8/1/2017 2:30:00 PM - by SMECO
Southern Maryland Electric Cooperative (SMECO) submitted a filing to the Maryland Public Service Commission (PSC) on August 1, 2017, to reduce its Distribution Service charges for customers. The lower rates are the result of a redistribution of SMECO’s transmission costs, which will save SMECO customers more than $1.85 million per year. The new rates are expected to go into effect in February 2018, if approved.
In November 2014, SMECO completed its Southern Maryland Reliability Project transmission system upgrade. SMECO’s 230,000-volt loop—which includes the Reliability Project, as well as the Ryceville to Hewitt Road line and other 230-kilovolt facilities—helps to ensure reliable service for all of SMECO’s customer-members. After meeting strict requirements for utilities with transmission facilities greater than 100,000 volts, regulatory agencies registered SMECO as a transmission owner in January 2017.
“SMECO’s primary objective in investing in its transmission facilities is to better serve our customers in terms of reliability and capacity; however, these facilities will also offer benefits to the entire regional high-voltage grid. Now that other utilities’ customers will benefit, they will also share the cost,” said Austin J. Slater, SMECO president and CEO. “The costs for transmission facilities throughout a region are paid for by all the customers within that region, and this sharing of costs will reduce the monthly bill for SMECO’s customers,” Slater explained.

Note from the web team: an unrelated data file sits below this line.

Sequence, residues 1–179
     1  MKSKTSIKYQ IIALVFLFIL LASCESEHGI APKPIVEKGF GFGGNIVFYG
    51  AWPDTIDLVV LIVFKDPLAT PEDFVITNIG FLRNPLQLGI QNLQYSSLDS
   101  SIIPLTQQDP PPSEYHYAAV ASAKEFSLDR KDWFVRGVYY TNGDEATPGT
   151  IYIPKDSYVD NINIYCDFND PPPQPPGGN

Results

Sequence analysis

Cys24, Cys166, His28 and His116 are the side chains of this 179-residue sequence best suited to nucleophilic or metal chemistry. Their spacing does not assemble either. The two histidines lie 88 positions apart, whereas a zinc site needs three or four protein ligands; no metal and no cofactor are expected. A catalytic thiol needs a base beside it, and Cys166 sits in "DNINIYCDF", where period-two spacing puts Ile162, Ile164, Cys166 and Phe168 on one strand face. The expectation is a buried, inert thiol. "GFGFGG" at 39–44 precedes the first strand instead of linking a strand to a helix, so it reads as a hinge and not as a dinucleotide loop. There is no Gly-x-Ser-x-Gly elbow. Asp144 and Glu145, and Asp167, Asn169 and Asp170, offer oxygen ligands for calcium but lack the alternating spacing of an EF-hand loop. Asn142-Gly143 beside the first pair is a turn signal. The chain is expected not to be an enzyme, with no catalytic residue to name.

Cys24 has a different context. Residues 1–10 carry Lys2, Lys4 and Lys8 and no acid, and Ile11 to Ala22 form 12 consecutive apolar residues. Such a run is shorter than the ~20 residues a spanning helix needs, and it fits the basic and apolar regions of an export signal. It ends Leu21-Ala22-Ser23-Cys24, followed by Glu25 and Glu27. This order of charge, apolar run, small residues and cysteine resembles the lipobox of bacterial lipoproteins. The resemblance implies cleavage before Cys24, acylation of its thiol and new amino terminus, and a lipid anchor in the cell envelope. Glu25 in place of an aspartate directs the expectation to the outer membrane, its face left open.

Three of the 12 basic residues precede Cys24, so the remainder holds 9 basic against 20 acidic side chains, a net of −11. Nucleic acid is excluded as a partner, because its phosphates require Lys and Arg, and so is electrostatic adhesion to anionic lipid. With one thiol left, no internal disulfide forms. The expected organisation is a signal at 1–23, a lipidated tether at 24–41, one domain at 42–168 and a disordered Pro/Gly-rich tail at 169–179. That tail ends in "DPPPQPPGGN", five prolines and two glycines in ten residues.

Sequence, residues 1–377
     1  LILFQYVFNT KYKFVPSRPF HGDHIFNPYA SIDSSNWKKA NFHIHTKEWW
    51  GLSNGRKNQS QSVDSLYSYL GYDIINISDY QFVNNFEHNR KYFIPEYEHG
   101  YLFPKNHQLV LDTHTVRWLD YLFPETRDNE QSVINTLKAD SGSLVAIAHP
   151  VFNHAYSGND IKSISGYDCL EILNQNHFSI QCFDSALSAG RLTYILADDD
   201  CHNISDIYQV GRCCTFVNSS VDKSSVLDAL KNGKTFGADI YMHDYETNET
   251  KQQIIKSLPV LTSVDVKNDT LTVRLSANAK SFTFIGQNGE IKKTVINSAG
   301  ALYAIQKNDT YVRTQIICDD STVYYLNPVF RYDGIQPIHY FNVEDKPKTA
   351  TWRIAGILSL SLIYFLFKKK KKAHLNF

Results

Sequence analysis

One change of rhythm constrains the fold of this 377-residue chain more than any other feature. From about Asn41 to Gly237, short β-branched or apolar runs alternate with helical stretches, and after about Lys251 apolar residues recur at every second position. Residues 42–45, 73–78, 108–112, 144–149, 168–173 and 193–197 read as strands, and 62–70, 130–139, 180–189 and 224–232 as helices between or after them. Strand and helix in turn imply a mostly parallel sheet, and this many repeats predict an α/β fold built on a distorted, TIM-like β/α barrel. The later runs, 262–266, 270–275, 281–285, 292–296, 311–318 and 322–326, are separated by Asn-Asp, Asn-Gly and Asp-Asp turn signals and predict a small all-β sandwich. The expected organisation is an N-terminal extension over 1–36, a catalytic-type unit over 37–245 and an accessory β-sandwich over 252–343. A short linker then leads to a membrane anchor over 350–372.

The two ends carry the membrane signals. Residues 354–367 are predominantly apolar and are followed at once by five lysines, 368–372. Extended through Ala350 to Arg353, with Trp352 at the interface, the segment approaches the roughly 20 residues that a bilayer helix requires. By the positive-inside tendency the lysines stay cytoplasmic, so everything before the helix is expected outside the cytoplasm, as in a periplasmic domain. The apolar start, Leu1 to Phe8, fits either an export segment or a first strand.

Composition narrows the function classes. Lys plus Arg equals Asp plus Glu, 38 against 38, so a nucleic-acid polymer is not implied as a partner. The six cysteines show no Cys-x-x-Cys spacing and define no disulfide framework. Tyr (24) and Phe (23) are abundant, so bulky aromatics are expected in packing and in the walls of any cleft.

In preparation for the rate filing, SMECO conducted a cost-of-service study to evaluate the expenses the Cooperative incurs to serve its customers. Items such as new line construction, transformer replacement, and underground cable repairs are included. SMECO re-examined these and other costs to ensure that charges will be properly aligned with expenses. In addition, SMECO has taken cost-cutting initiatives, such as reducing staff, decreasing the number of vehicles in its fleet, and consolidating offices. While the costs to serve customers have increased over the past few years, the net cost-of-service increase is outweighed by the decrease resulting from SMECO’s cost-cutting measures and the redistribution of the Cooperative’s transmission costs.
In a separate matter, SMECO filed with the PSC on May 31 to reduce its base energy charges by more than 10 percent for residential customers. The new rates will go into effect August 1, 2017, and at $0.065829 per kWh, the base energy charges have not been this low in more than 12 years.
If approved as filed, the new distribution rate, along with the lower energy rate, will reduce a residential customer’s bill by nearly eight percent. A February bill for 1,300 kWh will be $13.53 less in 2018 than it was in 2017.